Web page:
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Deeper Dive into Life Settlements
Let’s look into Life Insurance Settlements
Life insurance is one of the most widely utilized financial products in the United States. As of 2020, there were more than 180 million individual life insurance policies insuring U.S. citizens with a total face value of over $10 Trillion. Additionally, group life insurance accounts for another 113 million policies valued at more than $7 Trillion.
Considering those statistics, it is fair to say that the importance of owning a life insurance policy to provide financial security for our loved ones is embedded in the financial plan of Americans. However, there is a little known fact about lapse rates that life insurance companies do not want to publicize. According to the Life Insurance Settlement Association, “an estimated 90% of all life insurance policies issued lapse before paying a claim.”
While many of these life insurance consumers lapse or surrender a policy that holds little to no present day economic value, some Americans may have walked away from a valuable asset worth a significant sum of cash. Unfortunately, these consumers were unaware that a fair market value may have been available for their life insurance policy through a state regulated secondary market called life settlements. This secondary market for life insurance policies provides qualified policyholders with an alternative option other than those offered by the life insurance company.
Life Settlements are about CHOICE – and that choice is now in the hands of the American consumer instead of the life insurance company.
What is a Life Settlement?
A life settlement enables qualified life insurance policyholders to convert their life insurance coverage into cash by selling it to a state licensed financial institution. The sale of the policy is similar to the sale of a home or car, all rights, title and future interest in the asset are legally transferred from the seller to the buyer. The buyer is then responsible for all future premium payments and owns the rights to the future death benefit. These buyers are part of a secondary market for life insurance policies that developed due to the limited options offered by life insurance companies for those consumers who have had changing life circumstances or who could no longer afford their premiums. Life settlements give consumers a choice, when previously only limited options existed which were dictated by the life insurance company. Now, thanks to the Life Settlement Industry, policyholders have the choice to sell their asset for a fair market value, instead of lapsing a policy with no value received or surrendering it for an amount below fair market value. The life settlement option allows the seller of the policy to use the proceeds to help pay for long-term care needs, living expenses or anything else they desire.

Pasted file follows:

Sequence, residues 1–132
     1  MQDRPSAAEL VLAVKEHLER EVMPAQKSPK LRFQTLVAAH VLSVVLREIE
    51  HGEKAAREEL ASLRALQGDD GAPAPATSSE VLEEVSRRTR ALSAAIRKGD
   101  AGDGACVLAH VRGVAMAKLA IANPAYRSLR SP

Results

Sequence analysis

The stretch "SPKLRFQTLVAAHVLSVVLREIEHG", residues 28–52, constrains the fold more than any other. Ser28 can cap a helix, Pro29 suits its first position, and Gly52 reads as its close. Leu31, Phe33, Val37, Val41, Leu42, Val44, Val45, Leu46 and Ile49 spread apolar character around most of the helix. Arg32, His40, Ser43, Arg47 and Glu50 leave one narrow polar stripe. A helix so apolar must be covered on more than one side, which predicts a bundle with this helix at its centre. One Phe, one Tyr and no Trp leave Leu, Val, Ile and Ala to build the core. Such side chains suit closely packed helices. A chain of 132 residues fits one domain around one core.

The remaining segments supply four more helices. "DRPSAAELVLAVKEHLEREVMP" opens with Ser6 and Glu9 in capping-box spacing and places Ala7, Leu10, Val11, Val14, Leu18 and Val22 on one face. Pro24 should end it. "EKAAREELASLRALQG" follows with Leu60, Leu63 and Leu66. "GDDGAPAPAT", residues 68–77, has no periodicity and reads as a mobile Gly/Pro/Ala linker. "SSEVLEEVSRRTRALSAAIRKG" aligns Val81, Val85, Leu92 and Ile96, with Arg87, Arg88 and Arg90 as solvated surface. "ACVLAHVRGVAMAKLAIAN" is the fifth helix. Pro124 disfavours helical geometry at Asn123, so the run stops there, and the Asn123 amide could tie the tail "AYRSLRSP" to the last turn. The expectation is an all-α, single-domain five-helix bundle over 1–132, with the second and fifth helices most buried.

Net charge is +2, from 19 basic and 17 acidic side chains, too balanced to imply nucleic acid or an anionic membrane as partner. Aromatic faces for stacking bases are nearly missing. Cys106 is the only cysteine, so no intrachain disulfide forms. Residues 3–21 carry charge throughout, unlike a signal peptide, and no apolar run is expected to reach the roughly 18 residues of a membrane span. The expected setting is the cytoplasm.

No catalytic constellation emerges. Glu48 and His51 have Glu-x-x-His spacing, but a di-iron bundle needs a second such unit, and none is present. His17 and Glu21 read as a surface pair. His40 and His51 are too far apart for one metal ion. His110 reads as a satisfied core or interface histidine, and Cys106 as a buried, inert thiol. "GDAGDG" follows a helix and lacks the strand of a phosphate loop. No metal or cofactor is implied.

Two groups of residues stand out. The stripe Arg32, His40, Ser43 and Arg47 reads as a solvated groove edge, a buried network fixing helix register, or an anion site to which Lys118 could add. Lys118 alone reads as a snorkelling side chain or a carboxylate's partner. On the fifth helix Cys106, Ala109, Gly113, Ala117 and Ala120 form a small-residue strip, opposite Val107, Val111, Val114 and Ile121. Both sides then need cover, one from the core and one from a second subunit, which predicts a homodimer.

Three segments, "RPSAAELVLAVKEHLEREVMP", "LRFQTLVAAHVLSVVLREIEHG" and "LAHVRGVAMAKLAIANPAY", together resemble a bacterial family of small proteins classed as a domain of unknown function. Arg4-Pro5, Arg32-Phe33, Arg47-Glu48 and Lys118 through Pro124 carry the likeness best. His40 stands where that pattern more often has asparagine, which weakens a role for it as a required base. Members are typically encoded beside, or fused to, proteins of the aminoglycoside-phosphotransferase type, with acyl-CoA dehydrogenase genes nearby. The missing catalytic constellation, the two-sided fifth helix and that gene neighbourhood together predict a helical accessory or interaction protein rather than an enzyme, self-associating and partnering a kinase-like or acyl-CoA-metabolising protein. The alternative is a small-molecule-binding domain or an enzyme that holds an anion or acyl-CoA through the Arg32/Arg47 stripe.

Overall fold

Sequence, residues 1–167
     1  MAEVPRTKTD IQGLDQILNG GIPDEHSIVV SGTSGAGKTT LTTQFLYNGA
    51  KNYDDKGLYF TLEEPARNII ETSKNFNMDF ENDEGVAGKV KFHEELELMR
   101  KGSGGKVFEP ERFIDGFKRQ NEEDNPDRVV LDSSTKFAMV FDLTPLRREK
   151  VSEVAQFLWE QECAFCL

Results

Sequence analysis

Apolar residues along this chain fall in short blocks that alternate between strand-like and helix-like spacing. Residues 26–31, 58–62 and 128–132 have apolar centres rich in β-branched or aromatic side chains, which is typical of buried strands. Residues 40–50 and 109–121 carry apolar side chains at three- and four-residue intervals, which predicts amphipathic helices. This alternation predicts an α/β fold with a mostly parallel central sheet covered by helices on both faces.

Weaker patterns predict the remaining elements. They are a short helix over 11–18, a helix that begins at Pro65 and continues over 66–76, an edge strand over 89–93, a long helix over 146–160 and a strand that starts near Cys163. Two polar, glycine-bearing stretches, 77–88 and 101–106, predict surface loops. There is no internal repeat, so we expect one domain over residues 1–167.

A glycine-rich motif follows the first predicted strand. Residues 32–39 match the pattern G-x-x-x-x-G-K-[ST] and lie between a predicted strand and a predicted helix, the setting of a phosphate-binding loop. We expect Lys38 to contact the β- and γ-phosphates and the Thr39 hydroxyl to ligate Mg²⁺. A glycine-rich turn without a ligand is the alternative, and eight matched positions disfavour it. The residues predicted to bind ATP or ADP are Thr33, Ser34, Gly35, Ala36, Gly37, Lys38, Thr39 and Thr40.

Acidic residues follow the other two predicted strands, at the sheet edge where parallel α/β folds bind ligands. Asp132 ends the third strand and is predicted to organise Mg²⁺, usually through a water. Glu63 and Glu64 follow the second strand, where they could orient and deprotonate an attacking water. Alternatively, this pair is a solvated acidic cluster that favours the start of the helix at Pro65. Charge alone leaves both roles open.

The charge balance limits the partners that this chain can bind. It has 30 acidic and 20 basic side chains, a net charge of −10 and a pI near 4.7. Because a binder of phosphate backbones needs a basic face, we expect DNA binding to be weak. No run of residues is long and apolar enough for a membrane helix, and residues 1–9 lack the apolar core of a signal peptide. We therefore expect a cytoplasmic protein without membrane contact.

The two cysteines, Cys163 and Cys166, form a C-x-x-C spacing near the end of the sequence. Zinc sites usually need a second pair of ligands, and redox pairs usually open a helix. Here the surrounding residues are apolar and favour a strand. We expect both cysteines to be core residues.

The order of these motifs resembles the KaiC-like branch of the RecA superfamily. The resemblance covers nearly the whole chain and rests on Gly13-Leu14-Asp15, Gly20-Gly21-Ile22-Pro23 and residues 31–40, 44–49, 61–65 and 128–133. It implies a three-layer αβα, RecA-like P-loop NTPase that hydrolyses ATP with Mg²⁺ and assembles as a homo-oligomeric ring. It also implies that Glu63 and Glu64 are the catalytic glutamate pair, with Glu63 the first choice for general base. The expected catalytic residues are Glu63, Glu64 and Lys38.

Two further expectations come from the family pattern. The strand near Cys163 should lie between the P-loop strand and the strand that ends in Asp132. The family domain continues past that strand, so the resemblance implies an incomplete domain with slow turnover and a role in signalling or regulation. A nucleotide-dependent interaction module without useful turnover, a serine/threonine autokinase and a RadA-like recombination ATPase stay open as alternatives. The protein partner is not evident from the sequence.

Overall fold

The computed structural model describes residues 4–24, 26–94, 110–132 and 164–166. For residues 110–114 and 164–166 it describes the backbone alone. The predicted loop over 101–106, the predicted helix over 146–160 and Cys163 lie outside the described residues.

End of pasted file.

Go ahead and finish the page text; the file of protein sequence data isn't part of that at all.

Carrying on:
Over the past decade, thousands of Americans have taken advantage of this new financial option. According to a 2010 Life Settlement Study conducted by the U.S Government Accountability Office, between 2006 – 2009 life settlements provided consumers with $5.62 Billion more cash than the comparable amount offered by the life insurance company. An average of 800% more value!
Are life settlements regulated?
Yes, life settlements are a highly regulated market that requires life settlement brokers and providers (buyers) to be licensed on a state-by-state basis. Consumer protections have been passed in more than 45 states and are typically regulated by the State Department of Insurance.
How does a life insurance policy have a market value?
Typically, life insurance policies are issued when the insured was in good health. As years go by, many people have a change in health, and in some cases, serious health conditions may develop. Older Americans or others who have been diagnosed with life threatening diseases are seldom informed that this health change may have created a significant secondary market value for their policy.
While this life insurance equity sits unknown to the policy owner, maintaining the life insurance coverage may no longer be as important as it once was due to changing circumstances in life; children have grown older, assets were disbursed or have diminished, living expenses have increased and health care costs have skyrocketed. In the past, because most people were unaware of this hidden value in their life insurance policy, the life insurance coverage may have lapsed or been surrendered for a low cash surrender value. Unfortunately, the surrender value does not account for a change in health because life insurance companies are not required to, and have no incentive to, pay a policyholder for this built up equity. That is precisely why the life settlement industry exists – to provide consumers with a better financial option.
Who buys life insurance policies in the secondary market?
The companies that purchase life insurance policies in the secondary market are called life settlement providers. These companies must be licensed by the Department of Insurance in your home state. Non-licensed investors may not have the proper consumer privacy and confidentiality protections in place. Providers represent institutional investors such as investment banks, multi-national banks, international corporations, pension funds, hedge funds, mutual funds and other major financial institutions – including life insurance companies and reinsurers – who are investing in life insurance policies through life settlement funds.